When winter comes everyone must be equipped with winter survival skills. If you find yourself struggling now, can you imagine how our ancestors survived? Read on and find out how our ancestors survived the dreaded cold season.
7 Items Our Ancestors Have For Winter Survival
You may have wondered how our ancestors survived winter without power and other modern technologies that are providing us all the comfort today. Let’s go back to the time when people had to come up with creative methods to stay warm and let the cold season pass by just like any other regular season does.
Basically, just like any preppers of today’s generation, they prepared before winter arrived. But unlike, today’s prepper who can easily come up with their essentials for a short period of time, our ancestors spent most of the warmer months preparing for the winter season. Let’s look at 7 survival items our ancestors find absolutely necessary for winter survival.
I would say these are still essential today despite all the technological advancements we have at present.
Food is the most important thing to have when it comes to survival. This would mean that during dry season our ancestors have already done their drying, and smoking process to preserve food for winter months. Here in my homestead, I’m doing all 2 preservation methods including canning for my produce for later use or to give them a longer shelf life. If you’re not in a homestead setting, processed food are readily available in groceries and supermarkets.
Firewoods are essential not only in keeping the family warm but also in cooking. Cutting wood is a lot harder during winter season than during summer time. So our ancestors would take advantage of the dry season to stack firewood for winter. Even these days this practice is still applicable, no one would dare to go out and collect firewood when it’s already snowing outside.
These are not the ones brought in pharmacies, these are homemade remedies. Herbs infusion, extracts and other natural remedies nature provides. For today’s generation, homemade remedies may only be seen and commonly used in a homestead setting, just like ours, but if you ask me I really find homemade remedies more helpful in preventing diseases (don’t take my word for it, though, I’m no expert). Except for terminal illness, those really require expert medical attention.
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Keeping your home warm was then a challenge, particularly a bigger home with plenty of rooms. Few really could afford a fireplace in each room, even if they needed one. So they’d warm the primary living area of the house leaving each door to the bedroom open. Whatever warmth managed to get inside any bedroom that’s all they’d get.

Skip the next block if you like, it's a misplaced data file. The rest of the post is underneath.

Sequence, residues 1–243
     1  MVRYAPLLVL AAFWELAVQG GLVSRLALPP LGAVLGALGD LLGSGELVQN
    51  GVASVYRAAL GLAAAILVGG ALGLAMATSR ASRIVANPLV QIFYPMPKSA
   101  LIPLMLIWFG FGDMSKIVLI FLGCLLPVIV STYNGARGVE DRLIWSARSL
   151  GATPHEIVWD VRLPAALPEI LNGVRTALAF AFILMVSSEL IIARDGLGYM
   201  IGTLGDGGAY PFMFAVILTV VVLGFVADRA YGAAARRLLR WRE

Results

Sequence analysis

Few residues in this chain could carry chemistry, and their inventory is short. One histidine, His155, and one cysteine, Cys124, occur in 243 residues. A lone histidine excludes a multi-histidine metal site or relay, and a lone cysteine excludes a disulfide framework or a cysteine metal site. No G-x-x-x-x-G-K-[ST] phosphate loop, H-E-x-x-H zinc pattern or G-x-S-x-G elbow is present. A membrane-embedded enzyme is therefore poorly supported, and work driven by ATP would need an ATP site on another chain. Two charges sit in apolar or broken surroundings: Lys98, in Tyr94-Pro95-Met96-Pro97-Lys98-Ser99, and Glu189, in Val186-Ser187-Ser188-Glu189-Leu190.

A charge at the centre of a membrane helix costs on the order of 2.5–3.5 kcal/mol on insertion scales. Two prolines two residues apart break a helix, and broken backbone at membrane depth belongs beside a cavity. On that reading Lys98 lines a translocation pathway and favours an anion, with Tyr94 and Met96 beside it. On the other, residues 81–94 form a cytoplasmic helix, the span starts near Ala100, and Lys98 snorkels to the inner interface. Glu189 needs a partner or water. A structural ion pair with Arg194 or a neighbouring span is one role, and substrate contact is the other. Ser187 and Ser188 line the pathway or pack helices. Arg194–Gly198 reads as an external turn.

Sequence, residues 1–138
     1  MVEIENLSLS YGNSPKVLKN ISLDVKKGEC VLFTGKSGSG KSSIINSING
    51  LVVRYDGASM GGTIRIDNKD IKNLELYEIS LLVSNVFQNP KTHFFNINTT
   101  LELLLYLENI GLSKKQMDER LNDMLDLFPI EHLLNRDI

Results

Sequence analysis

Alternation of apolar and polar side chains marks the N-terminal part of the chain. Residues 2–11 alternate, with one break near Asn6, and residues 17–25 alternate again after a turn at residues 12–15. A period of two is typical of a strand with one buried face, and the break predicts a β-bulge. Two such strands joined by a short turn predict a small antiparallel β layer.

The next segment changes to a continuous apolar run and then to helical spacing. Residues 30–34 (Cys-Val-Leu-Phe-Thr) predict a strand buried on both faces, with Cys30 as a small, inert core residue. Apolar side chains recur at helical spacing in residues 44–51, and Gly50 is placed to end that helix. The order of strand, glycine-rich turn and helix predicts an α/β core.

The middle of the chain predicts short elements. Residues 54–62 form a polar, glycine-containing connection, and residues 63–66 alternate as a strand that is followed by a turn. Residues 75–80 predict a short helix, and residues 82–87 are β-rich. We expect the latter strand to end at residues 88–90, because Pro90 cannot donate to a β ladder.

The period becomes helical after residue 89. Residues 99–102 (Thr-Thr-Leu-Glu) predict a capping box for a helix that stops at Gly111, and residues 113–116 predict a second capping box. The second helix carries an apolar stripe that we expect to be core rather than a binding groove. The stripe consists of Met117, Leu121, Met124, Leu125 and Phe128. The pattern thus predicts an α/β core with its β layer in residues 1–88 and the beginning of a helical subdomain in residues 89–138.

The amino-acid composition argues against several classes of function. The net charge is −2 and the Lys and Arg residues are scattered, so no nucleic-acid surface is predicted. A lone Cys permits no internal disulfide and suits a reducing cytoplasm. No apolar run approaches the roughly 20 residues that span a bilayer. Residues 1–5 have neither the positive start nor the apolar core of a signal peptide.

The other thing they have are a pile of blankets. It was a common scene in every home to have a chest at the foot of the bed containing a pile of blankets stored during warmer weather that’s very much useful when winter comes. Even today, I’ve got a pile of extra blankets here in my homestead, and I’m looking forward to adding to it year after year. Making DIY warm winter blankets has actually become one of my favorite pass time during winter months.
Making candles was a summertime task. They had to make them when the bees were dynamic, gathering pollen and creating honey. It simply means they made them during the dryer months of which there were plenty of flowers on the trees and in the fields. During winter, bees kept themselves hidden in their hives, living off the honey they made up in summer.
Collecting honey during summer is likewise collecting the beeswax. Collecting beeswax simply means it’s already time to make candles. I enjoy making my own candles and yes, I also have beeswax, so making candles here in my homestead is pretty easy.
During winter, bees kept themselves hidden in their hives, living off the honey they made up in summer. Collecting honey during summer is likewise collecting the beeswax. Collecting beeswax simply means it’s already time to make candles. I enjoy making my own candles and yes, I also have beeswax, so making candles here in my homestead is pretty easy.
6. Bed Warmers
Warming up the bed, before sleeping at night was always a smart thing to do. This was made possible by a bed warmer. To our ancestors, these are metal or copper-covered skillets with long handles. The container was loaded with rocks that had been warmed at the edge of the fire and afterward slid between layers of sheet material utilizing the long handle. This would warm the bed adequately.
Common tools our ancestors have were from blacksmithing. Iron and steel were forged together in the extreme heat. If you want to learn this skill you must know what you’re doing and always start with the basic of blacksmithing. Blacksmithing can be an amazing hobby and an important survival skill too.
Want to learn how to survive and thrive using the old ways of the Pioneers? Check out this video from My Home and Garden:
Our ancestors definitely have their own way of survival and we wouldn’t be here if they didn’t make it! These 7 items are pretty basic that even me here in my homestead always have a stockpile of these no matter what the weather is.
What winter survival items do you stockpile in your homestead? Let us know in the comments below?
Need help on how to make your homestead thrive during winter? Check out The Ultimate Winter Survival Skills For The Homestead!
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